Torii at Fushimi Inari in Kyoto

I had visited Kyoto over 20 times, so I decided to pursue outdoor activities to enjoy Kyoto’s nature. This time, I went hiking where I’ve never been before. I firstly picked Mt. Fushimi right behind the Fushimi Inari Shrine, where I had visited before with my kids. At that time they got tired and insisted to go back from the middle of the hike. It is a nice hiking area, so I wanted to complete to circle Mt. Fushimi path this time.

It is popular to wear Kimono and to walk at the Fushimi Inari. I found many people wearing Kimono (Japanese traditional clothes) and taking photos with the background of several layers of red Torii, gateways. Especially, Fushimi Inari’s torii was stretching around like a labyrinth.

Wearing Kimono at Fushimi Inari

It took one to two hours to walk around Mt. Inari. Sports shoes are recommended. I had visited the Fushimi Inari Shrine up to the Osanba pond on the middle way to the top of Mt. Inari with my family before, but my kids didn’t have much patience to climb to the top. This time, I took complicated torii paths to the top. It was around 5pm when I started to climb, but I had some  company and reached there easily. There were some cautions warning about dangerous animals but I never encountered them. At Mt. Inari observatory, I could see beautiful scenery of Kyoto town reminding me that it is still an old town compared to the other big cities in Japan.

You can take a rest at several huts along Mt. Inari’s path. Opening hours are until 5pm, but you can climb Mt. Inari right up to 7pm during summer time.


Dragon Purification water in Mt. Inari

Secondly, I climbed up to Mt. Daimonji for the first time. When I traveled to Kyoto with my mom as a 14-year-old to see Daimonji, mountain bonfire, I was astonished to see its huge and glorious lights and I still remember the image. Mt. Daimonji is one of the five places to light a bonfire to send away the spirits of deceased family members on August 16. A hiking course is established to climb up to the top of Mt. Daimonji and you can see the place to make a fire. It is popular for trail running and hiking. I saw a few people running in the rain. The slope was not so steep and the length was appropriate for beginners. It takes one hour to hike. Right behind the Ginkakuji Temple, there is the entrance to Mt. Daimonji. When I started to climb up, I was not confident whether the path was the right one to reach to the top.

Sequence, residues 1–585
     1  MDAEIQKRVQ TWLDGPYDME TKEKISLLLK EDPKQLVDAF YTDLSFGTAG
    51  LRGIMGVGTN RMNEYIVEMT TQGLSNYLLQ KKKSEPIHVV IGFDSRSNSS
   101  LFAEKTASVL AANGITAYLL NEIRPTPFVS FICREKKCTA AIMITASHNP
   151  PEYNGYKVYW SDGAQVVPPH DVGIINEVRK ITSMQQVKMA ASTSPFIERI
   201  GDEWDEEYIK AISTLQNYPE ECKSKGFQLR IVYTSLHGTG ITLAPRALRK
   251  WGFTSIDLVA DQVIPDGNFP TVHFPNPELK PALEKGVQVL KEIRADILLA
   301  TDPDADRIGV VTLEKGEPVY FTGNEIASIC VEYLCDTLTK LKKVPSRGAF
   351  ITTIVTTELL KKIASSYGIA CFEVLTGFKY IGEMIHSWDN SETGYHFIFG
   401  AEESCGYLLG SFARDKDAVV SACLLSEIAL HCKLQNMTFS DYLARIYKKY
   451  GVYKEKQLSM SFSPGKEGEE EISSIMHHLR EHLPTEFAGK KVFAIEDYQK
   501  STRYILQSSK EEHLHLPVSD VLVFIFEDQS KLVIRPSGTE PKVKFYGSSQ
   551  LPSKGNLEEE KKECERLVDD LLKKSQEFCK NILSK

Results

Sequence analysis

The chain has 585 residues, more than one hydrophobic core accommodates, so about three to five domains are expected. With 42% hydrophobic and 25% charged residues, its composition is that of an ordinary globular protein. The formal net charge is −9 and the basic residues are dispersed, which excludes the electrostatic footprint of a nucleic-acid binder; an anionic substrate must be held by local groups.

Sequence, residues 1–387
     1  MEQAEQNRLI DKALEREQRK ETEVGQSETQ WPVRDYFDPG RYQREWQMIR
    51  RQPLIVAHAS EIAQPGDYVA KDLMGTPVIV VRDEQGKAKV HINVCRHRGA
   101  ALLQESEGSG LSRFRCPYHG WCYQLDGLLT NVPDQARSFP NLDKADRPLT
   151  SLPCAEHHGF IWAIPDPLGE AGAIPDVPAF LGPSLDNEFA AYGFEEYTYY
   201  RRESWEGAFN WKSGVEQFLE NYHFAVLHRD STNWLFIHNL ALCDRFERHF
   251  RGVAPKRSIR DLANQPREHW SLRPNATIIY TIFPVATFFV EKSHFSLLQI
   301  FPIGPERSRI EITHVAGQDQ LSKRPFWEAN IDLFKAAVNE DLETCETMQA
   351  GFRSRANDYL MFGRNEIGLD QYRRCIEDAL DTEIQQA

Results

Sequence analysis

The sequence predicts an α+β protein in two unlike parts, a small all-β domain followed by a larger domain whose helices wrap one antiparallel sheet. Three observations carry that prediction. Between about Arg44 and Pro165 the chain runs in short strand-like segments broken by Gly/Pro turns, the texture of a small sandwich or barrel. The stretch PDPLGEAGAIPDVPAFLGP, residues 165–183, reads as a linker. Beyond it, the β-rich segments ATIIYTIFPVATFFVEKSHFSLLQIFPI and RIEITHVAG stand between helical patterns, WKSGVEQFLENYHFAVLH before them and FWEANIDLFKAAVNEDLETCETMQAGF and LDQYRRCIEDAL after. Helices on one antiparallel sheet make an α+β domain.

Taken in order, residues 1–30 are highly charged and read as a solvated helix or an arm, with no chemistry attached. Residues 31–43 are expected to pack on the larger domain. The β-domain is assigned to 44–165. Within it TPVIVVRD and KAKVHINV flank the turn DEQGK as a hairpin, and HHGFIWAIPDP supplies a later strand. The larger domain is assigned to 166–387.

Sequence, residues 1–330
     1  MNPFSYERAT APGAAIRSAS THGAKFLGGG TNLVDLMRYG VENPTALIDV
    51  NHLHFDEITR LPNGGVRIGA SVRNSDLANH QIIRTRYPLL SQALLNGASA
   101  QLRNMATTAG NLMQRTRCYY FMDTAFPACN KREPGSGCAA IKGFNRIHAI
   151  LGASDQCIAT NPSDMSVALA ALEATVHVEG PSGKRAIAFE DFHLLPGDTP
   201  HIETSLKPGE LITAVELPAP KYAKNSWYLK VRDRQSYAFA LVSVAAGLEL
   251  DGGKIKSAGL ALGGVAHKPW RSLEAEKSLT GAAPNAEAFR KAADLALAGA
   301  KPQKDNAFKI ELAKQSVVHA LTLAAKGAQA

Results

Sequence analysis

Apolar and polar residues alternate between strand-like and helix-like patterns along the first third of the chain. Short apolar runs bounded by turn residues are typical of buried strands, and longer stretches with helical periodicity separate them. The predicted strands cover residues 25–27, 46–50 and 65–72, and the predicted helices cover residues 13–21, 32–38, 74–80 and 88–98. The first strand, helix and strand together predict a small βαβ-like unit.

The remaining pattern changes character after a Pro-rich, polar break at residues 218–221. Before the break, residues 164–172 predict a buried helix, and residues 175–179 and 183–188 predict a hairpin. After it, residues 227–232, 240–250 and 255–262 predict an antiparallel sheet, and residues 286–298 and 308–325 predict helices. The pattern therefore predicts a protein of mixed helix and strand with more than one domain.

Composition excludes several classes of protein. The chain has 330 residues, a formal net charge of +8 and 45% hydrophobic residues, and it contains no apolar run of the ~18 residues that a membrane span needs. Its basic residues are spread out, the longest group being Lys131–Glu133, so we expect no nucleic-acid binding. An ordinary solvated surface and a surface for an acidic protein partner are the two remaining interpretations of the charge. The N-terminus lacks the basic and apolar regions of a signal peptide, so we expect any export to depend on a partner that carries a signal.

After 30 mins walk, I found the fire beds in the middle of the way to the top of Mt. Daimonji. The fire bed was located on the surface of the mountain and it represented Chinese characters 大, big or “dai”. Each fire bed was much bigger than I had expected. I could not imagine how hot it is, when people made a fire there. At the beginning of the path, it was a good walk under the green forests, but when I reached to the fire place, I encountered whiteout weather. I could barely see the fire place. One local person who was cleaning up Mt. Daimonji in the rain, said it was unusual to see whiteout scenery and a rare experience. OK, I accepted it as his encouragement to me.
Fireplace for Daimonji fire

After climbing up Mt. Daimonji, I dropped by at Eikando near Mt. Daimonji. Eikando is very popular in autumn season due to its Momiji, Japanese maple. Meanwhile, in other seasons, you can enjoy greens and different colors of Momiji there. When I chatted with a local, he said he liked Eikando more in summer. In the early summer, the number of people is less than in the high seasons and I could enjoy the ups and downs of the temple’s site on the mountain. Eikando was located on a hillside, so I climbed up Tahoutou located in the highest area at the site to enjoy Kyoto’s city view.

Built along the hill slope

Garyuro, Reclining Dragon Corridor

When I visited there around 4pm, a buddhist monk was chanting a Buddhist sutra while singing and playing metal bowls and wooden drums. It’s exciting to watch.
Eikando is huge and it takes about one hour to see around.

Small stream